The academic part of my year is currently in full swing and that, combined with my other commitments, has caused me to fall behind on my musings. My apologies to those of you who have been eagerly awaiting yet another installment, but as a rational economic person, I’m going to do those things first which pay me, and frankly, this blog is never going to replenish my ravaged 401(K) account. That being said, it was while I was preparing for one of this week’s classes that the idea for this post occurred to me.
One of my class topics this week focuses on the legal and regulatory framework surrounding investor relations. It’s not a subject that business school students are naturally attracted to, but it is something that everyone involved in investor relations needs to master. Back in the 60’s, there was a band by the name of Zager and Evans whose one and only hit was “In the Year 2525” which had the line in it, “Everything you think, do and say, is in the pill you took today”. Which is a pretty good way to think about the laws and regulations surrounding investor relations – everything you think, do and say is governed by them.
One of the points I try to make in my class is that the laws and regulations surrounding IR are not the result of a coherent codification of the laws, cut from whole cloth. Rather they have grown and evolved over time, from statutes, regulatory rule making and case law decisions. The resulting Gordian Knot of laws, rules and case law is enough to send joy to the hearts of lawyers everywhere and give everyone else headaches. Further, each is enacted from a different set of circumstances.
Statutes, for example, are usually enacted to stop some form of abuse. This was true of the original securities protection acts, the state “Blue Sky” laws, and it continued to be true with the enactment of the Securities Act of 1933 and the Securities Exchange Act of 1934, which were enacted following the stock market abuses of the 1920s. More recently, the Securities Litigation Reform Act of 1995 was enacted to curb abusive securities law class action claims and the Sarbanes-Oxley Act was passed by Congress in reaction to the Enron, Adelphia, MCI and Tyco scandals. Those of you who are looking for a common theme among these acts would do well to take up a different hobby. I suggest something much easier – say, along the lines of solving The New York Times Saturday crossword puzzle.On the regulatory side, I find that the regulations that get enacted by the SEC tend to have a political background to them. Take, for example, the disclosures surrounding executive compensation in the proxy statement. As executive compensation has swelled, political pressure has built up, which has resulted in the SEC layering in more and more disclosure regulations surrounding executive pay. Way back in the dark ages (the 1970s) when I was actually writing proxy statements, it was not unusual for them to be no longer than 8 – 12 pages. Today, between tables, graphs, Compensation Committee and other reports, Proxy Statements routinely run 4 – 5 times that length. It has to be extremely frustrating for politicians and the regulators, because the more disclosure they require, the bigger the pay packages seem to get. I have no doubt that if they could have enacted compensation limits, they would have. But the SEC’s regulatory authority only extends to disclosure, so they keep making companies say more and more about how they come up with their pay schemes in the hope that shareholders will get outraged and rein in the pay packages. Similarly, other disclosure regulatory requirements have waxed and waned depending on the political climate of the time. As a result, any hope of consistency regarding how the regulations require you to act is a forlorn one.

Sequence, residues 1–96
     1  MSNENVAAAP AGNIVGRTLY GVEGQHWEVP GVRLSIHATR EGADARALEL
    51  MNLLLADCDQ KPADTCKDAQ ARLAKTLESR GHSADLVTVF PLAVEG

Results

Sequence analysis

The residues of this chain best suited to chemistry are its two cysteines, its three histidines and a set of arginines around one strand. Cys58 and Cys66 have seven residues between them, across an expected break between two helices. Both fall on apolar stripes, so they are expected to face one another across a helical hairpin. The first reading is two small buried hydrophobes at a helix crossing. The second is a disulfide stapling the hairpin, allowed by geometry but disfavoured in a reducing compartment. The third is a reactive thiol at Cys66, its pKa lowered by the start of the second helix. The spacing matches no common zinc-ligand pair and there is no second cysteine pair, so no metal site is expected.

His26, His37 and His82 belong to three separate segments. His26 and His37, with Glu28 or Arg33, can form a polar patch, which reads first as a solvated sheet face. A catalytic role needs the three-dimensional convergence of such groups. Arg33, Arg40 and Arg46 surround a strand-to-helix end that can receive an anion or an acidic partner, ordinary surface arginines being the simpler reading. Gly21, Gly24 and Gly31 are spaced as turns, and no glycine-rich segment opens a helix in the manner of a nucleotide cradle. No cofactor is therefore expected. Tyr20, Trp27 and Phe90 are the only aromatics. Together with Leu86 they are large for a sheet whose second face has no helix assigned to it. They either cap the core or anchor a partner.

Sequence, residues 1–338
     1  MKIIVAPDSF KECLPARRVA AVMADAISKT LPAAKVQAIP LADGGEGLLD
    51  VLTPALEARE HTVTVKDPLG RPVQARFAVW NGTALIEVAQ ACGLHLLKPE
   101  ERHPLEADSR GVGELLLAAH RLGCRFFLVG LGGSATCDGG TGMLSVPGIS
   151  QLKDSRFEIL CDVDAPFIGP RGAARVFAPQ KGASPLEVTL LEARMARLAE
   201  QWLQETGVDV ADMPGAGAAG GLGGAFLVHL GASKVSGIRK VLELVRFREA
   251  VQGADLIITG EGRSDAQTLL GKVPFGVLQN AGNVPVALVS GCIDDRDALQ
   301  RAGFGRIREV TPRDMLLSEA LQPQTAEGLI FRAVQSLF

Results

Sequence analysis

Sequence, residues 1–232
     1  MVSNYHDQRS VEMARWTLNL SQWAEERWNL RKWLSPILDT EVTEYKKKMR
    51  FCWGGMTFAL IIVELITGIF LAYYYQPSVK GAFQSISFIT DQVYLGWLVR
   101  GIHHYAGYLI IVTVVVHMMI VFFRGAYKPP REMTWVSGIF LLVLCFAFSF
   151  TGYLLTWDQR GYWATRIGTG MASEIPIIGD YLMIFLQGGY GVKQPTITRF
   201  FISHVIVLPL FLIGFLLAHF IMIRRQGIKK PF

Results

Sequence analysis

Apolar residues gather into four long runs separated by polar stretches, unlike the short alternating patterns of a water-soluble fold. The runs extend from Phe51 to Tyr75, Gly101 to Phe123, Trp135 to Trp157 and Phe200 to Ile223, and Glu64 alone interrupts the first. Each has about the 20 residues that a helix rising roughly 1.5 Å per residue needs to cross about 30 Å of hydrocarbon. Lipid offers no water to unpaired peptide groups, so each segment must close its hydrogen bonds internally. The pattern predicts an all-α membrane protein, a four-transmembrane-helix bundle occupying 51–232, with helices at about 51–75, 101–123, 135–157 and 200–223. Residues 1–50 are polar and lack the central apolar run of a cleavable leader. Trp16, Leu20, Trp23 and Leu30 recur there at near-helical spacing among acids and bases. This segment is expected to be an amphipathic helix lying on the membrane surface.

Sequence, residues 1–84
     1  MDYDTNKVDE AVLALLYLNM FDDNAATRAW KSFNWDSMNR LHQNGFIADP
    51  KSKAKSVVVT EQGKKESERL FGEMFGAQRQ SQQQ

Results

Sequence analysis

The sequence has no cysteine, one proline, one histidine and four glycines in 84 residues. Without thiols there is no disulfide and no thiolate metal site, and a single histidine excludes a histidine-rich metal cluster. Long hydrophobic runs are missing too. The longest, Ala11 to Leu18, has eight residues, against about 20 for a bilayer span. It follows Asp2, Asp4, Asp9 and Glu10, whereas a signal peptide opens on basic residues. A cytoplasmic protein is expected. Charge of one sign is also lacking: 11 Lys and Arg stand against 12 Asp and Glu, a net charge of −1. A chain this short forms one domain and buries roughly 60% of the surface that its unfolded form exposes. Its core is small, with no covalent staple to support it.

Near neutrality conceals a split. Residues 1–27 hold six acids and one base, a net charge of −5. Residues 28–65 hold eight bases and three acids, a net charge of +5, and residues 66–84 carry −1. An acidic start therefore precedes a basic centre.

Finally, much of materiality and the definition of fraudulent behavior in the securities laws is the result of case law decisions. These are instances where, except in the most egregious or fraudulent cases, reasonable people can differ. Yet this is how we come up with our definitions for materiality, how we interact with analysts, when we choose to disclose and a multitude of other things.
I, for one, would like to see a comprehensive overhaul of the securities laws to bring some semblance of logic to them that would serve to eliminate much uncertainty (and billable law firm hours) from the process of being a public company. Like Alexander the overhaul would cut through the many strands of laws, regulations and case decisions that are tying us up in knots with a clear unified code of securities laws. Then again, given the current administration and the mood of Congress towards Wall Street, maybe its better to leave well enough alone…